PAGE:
The oversight was understandable—the brothers were actually traveling together on the same ship, the Ocean Pearl, and it’s pretty easy to make a mistake about who kept which volume if you don’t have time to examine them closely. But George deserved his due, and I was sorry to see him overshadowed by his younger brother like that! So the first thing I did was create a new, separate catalog record for his log.
I enjoy doing this kind of clean-up, not only because it makes our catalog more useful and our collections more discoverable for researchers, but also because it gives me the opportunity to add more detail to ABIGAIL and to familiarize myself with our older collections. The Tufts family papers were donated to the MHS back in 1962, and I don’t think I’ve ever had reason to look at them before. It’s a really fun and interesting collection.
In their logbooks, George and Alfred kept the usual navigational records—longitude, latitude, wind, course, temperature, etc.—but they didn’t stop there. The logs are also journals, fleshed out with long-form descriptions of daily life on a ship, including who got seasick (George), who lost his hat overboard (Alfred), who got drenched (pretty much everybody at some point), what Mr. and Mrs. Baldwin were arguing about (the window shutter), and what was really going on between Capt. Sears and Mrs. Whitney (who knows?). The two volumes complement each other; the brothers recount the same events, often in very similar language, although Alfred’s entries tend to be longer. Both logs also contain sketches of icebergs, islands, and other sights.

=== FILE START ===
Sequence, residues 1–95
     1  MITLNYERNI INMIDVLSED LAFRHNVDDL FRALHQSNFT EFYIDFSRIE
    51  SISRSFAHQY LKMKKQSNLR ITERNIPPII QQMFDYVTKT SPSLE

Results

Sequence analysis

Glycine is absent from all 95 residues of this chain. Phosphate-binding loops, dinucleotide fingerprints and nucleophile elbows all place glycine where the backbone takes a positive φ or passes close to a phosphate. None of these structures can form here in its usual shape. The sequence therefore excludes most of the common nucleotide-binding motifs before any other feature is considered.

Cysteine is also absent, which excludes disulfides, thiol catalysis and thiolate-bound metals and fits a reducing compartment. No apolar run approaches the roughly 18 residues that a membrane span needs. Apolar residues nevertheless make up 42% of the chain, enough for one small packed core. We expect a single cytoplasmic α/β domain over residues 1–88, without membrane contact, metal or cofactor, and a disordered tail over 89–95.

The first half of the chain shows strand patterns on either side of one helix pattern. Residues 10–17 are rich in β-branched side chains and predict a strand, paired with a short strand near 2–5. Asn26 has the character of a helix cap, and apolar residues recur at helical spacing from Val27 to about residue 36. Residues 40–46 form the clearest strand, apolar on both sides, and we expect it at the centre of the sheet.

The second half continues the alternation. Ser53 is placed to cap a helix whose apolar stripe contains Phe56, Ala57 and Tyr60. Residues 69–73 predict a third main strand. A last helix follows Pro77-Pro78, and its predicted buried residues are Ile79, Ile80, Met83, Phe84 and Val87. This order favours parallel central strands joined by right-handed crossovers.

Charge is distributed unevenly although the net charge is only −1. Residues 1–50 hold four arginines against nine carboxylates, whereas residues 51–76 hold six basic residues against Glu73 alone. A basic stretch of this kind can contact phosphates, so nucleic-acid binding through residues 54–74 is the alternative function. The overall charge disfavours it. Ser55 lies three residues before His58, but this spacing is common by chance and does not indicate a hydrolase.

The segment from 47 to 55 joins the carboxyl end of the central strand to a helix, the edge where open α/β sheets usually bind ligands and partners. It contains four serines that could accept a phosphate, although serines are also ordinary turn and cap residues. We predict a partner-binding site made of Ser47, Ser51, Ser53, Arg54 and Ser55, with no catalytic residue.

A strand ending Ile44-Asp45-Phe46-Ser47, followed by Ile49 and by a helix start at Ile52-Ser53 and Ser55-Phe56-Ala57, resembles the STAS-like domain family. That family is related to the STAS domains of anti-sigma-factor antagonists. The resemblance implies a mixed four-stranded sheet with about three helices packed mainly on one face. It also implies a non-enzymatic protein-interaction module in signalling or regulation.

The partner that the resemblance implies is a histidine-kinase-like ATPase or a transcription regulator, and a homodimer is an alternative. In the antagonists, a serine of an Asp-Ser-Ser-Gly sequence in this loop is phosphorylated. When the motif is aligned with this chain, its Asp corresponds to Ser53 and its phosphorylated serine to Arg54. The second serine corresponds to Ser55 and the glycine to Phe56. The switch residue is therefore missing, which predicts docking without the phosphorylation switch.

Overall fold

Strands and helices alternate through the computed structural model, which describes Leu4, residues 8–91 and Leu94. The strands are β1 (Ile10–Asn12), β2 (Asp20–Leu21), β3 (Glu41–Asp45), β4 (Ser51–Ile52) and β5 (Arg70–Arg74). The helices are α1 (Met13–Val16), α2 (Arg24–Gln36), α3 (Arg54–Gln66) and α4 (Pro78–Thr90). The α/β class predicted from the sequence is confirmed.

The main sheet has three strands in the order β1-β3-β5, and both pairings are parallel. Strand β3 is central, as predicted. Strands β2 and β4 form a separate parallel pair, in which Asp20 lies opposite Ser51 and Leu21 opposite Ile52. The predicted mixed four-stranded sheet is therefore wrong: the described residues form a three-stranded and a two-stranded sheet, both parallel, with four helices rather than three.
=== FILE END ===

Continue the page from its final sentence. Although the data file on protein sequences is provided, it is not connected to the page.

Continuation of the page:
The Ocean Pearl sailed from Boston on 28 November 1854, around Cape Horn at the southern tip of South America, and landed at Honolulu, Hawaii. There, it turns out, the brothers split up—Alfred continued on the Ocean Pearl to the Far East, but George stayed in Hawaii for six months, where he wrote terrific descriptions of the islands’ natural and cultural wonders. On 26 September 1855, George embarked for San Francisco, overlapping with the tail end of the California Gold Rush, then sailed across the Pacific to Hong Kong and other points in Asia. Adding insult to injury, these voyages had been mistakenly attributed to Alfred, too!